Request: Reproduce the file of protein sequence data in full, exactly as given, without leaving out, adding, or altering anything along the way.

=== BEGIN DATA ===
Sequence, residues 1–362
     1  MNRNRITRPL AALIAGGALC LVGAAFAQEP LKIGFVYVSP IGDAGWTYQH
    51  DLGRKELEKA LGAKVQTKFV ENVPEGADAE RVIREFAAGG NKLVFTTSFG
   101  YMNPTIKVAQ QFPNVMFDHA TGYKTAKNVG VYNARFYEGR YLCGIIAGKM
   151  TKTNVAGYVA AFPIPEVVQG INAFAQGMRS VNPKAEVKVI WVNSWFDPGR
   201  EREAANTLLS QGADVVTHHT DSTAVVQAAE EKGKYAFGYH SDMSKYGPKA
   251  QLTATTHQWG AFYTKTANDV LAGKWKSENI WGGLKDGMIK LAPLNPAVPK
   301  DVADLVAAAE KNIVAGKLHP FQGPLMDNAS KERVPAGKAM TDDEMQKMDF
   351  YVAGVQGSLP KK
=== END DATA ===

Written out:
Sequence, residues 1–362
     1  MNRNRITRPL AALIAGGALC LVGAAFAQEP LKIGFVYVSP IGDAGWTYQH
    51  DLGRKELEKA LGAKVQTKFV ENVPEGADAE RVIREFAAGG NKLVFTTSFG
   101  YMNPTIKVAQ QFPNVMFDHA TGYKTAKNVG VYNARFYEGR YLCGIIAGKM
   151  TKTNVAGYVA AFPIPEVVQG INAFAQGMRS VNPKAEVKVI WVNSWFDPGR
   201  EREAANTLLS QGADVVTHHT DSTAVVQAAE EKGKYAFGYH SDMSKYGPKA
   251  QLTATTHQWG AFYTKTANDV LAGKWKSENI WGGLKDGMIK LAPLNPAVPK
   301  DVADLVAAAE KNIVAGKLHP FQGPLMDNAS KERVPAGKAM TDDEMQKMDF
   351  YVAGVQGSLP KK